by Richard Stokes
As I mentioned in a blog post last month, I’ve found Flipboard to be a great tool for keeping me informed in my interest areas. I recently used it to do some research on Personal Health Records for a reporter interview that I did with Robert Cheek, Network 1 Team Lead Engineer. Here’s some of what I learned.
Personal Health Record Systems (PHR) is an electronic tool whereby health-data is maintained by the patient. The goal is for patients to become more accountable for their own health by maintaining a summary of their own medical history that can be easily accessed online from anywhere. Getting patients engaged in this gives them a greater sense of managing their on-going health and wellness as opposed to only receiving care and healthcare knowledge during traditional episodic visits to the doctor. Microsoft’s HealthVault is a good example of a popular PHR system.
The key to a PHR systems success, however, is patient engagement – those that are willing versus those that are not.
Unfortunately, patients that are most likely to benefit from managing their own care are the ones that are least likely to use PHR systems and other health IT tools because they are unmotivated, sick or too lazy. Conversely, the ones that are excited to use it are usually the ones that are taking better care of themselves anyway and would be less likely to end up in the ER.
Some of the other barriers include:
- Technology and Terminology
The elderly may not be as technically-inclined or willing to get on a computer, let alone get online to use a PHR system. In addition, the medical terminology that is relevant and important to physicians may be difficult for end users to understand.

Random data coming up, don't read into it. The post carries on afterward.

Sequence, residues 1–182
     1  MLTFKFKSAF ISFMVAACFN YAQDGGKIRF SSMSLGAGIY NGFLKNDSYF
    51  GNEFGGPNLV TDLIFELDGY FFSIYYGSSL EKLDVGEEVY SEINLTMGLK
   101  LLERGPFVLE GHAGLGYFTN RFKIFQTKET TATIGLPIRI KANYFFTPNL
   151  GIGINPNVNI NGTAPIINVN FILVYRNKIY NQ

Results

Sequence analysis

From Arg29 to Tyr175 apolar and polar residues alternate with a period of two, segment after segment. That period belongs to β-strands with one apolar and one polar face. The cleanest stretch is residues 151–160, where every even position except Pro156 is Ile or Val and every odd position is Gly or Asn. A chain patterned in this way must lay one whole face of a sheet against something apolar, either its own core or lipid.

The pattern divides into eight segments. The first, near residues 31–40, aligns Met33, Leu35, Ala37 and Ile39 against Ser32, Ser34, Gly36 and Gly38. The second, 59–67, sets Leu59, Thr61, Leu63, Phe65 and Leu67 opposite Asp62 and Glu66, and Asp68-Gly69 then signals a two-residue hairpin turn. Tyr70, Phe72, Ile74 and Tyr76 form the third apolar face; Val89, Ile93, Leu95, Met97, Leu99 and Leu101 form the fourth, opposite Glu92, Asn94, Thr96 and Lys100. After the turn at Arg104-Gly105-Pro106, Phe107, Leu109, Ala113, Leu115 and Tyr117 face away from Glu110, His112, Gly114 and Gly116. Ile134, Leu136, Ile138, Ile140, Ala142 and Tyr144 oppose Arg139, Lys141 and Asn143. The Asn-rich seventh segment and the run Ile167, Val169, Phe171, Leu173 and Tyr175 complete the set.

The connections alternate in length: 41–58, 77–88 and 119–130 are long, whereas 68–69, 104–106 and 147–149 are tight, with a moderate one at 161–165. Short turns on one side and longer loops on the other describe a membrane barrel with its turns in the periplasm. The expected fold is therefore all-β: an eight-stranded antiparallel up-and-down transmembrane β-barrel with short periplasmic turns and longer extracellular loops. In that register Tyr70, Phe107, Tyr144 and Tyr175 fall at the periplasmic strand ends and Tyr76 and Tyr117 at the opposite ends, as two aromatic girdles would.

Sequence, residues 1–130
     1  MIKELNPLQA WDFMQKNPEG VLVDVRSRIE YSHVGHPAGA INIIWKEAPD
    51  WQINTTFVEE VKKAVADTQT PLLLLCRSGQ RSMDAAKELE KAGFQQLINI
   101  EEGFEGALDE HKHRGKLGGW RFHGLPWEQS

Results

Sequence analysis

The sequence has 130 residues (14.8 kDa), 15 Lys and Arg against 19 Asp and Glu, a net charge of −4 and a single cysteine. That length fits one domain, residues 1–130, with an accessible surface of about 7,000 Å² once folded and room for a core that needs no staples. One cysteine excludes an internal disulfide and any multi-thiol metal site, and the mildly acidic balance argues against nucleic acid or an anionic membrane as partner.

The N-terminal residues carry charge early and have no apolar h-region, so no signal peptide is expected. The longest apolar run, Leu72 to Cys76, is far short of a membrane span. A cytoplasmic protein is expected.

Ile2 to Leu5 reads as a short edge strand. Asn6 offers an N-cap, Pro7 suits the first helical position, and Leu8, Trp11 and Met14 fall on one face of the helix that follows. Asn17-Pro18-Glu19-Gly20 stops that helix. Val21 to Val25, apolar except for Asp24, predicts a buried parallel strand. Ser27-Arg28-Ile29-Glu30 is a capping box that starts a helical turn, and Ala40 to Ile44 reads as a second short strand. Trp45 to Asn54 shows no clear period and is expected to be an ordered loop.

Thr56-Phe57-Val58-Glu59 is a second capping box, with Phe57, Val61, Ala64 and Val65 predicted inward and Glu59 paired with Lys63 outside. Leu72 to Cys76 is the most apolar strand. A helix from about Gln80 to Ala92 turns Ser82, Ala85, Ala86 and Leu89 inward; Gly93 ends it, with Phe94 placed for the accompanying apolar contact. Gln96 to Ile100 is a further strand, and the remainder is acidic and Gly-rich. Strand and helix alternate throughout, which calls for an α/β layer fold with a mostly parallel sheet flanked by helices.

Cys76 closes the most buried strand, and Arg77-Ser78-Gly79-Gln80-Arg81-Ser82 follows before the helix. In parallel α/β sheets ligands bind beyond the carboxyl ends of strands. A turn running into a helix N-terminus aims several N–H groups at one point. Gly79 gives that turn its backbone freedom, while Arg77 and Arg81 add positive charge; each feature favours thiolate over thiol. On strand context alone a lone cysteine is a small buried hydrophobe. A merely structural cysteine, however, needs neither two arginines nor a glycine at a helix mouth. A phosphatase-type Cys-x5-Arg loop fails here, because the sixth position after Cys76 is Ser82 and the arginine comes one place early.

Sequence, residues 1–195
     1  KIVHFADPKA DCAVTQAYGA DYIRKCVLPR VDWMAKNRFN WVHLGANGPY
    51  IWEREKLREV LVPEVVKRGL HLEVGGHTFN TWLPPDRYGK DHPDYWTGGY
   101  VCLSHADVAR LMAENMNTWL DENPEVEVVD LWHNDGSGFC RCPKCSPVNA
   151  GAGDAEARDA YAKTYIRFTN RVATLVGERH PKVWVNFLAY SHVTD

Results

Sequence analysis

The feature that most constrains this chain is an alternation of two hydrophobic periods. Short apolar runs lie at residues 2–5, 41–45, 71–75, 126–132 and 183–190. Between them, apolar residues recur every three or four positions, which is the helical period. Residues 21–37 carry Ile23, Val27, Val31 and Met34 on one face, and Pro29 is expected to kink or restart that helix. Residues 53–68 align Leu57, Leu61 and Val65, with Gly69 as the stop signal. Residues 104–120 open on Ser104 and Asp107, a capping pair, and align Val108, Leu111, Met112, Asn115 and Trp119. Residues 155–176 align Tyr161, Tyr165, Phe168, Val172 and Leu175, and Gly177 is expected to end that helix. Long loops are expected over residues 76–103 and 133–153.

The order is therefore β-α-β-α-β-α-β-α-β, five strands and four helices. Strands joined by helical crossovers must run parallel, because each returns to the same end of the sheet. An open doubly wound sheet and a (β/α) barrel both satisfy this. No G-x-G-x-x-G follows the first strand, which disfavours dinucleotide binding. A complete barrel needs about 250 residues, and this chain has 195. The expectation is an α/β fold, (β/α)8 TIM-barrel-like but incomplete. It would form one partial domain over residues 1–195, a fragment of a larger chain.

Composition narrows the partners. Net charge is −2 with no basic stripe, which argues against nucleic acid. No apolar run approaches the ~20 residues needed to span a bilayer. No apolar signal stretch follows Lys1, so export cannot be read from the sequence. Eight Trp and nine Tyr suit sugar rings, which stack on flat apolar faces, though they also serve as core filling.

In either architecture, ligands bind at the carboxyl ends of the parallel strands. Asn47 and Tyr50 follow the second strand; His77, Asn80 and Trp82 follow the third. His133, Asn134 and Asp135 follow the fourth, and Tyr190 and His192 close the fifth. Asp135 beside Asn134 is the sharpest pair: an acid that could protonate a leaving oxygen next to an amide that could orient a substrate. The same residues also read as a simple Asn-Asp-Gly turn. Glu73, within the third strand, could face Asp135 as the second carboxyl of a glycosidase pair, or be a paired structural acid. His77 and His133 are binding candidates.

- Ease of Use and Interest
It is much more likely that the younger generation is going to use a PHR system as they are actively seeking out similar tools. The challenge that PHR systems are going to face though is making them easy to use and more importantly keeping the patient engaged. Several PHR systems today are trying to bridge this gap by adding in game-like features to keep the patients involved and coming back.
Portions of the population that are less educated and in many cases illiterate would have a hard time reading information in an electronic format and would be more inclined to communicate in the traditional way (by telephone or in person).
Bottom line is that PHRs are still evolving and we are going to continue to see them evolve. It’s an exciting time to be in healthcare because new things are always around the corner!